The story of Meleager is first told in The Iliad, but it is later accounts, such as in Ovid’s Metamorphoses, that recount the specific episode depicted in van Loo’s painting.3 Meleager was the son of the king of Calydon in Aetolia. His father offended the goddess Diana who sent a wild boar to terrorize the countryside. Meleager and his companions set out to hunt and kill the boar. Among this group was Atalanta, the virgin huntress, whom Meleager loved. She was the first to wound the boar and when it was finally killed, Meleager presented her with the head and pelt of the beast. This is the moment depicted in van Loo’s painting as Meleager, gazing tenderly at Atalanta, hands her the prize. Van Loo was possibly inspired by Rubens' painting of the same subject of circa 1616 (Metropolitan Museum of Art, acc. no. 44.22), which was engraved by Cornelis Bloemaert. It depicts the same point in the story with very similar interaction between Meleager and Atalanta.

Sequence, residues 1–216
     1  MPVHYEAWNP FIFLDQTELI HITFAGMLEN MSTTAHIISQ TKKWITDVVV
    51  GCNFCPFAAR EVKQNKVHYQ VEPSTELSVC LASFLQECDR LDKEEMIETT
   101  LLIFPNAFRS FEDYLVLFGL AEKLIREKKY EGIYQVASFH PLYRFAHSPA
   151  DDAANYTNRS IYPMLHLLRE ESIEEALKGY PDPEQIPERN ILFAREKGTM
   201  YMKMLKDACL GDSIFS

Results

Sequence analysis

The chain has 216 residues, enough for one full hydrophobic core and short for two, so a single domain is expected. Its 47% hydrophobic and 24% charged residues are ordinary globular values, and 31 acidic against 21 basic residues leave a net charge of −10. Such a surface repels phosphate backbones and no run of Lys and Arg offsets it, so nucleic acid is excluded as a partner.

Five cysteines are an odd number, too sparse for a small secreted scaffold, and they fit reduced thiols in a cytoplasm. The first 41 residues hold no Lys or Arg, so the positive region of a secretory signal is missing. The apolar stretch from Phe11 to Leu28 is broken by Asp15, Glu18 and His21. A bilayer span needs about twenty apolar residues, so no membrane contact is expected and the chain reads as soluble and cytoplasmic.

The irregular shape of this canvas suggests that it probably once formed part of a decorative scheme. Another version of this composition by van Loo, slightly larger and with a regular shaped canvas, is in the Museum Wiesbaden (on deposit from the Gemäldegalerie, Berlin, 156 by 165 cm.).
1. Strydt tusschen de Doodt en Natuur of Zeege der Schilderkunst, (Battle Between Death and Nature, or Victory of the Art of Painting), Jan Vos, 1654.
2. See Ferdinand Bol and Govert Flinck, Rembrandt's Master Pupils, exhibition catalogue, Amsterdam 2017, p. 17, with a reproduction of the notarial document, fig. 2.
3. The Iliad Book 9, 430-605 and Metamorphoses Book 8, 260-546.
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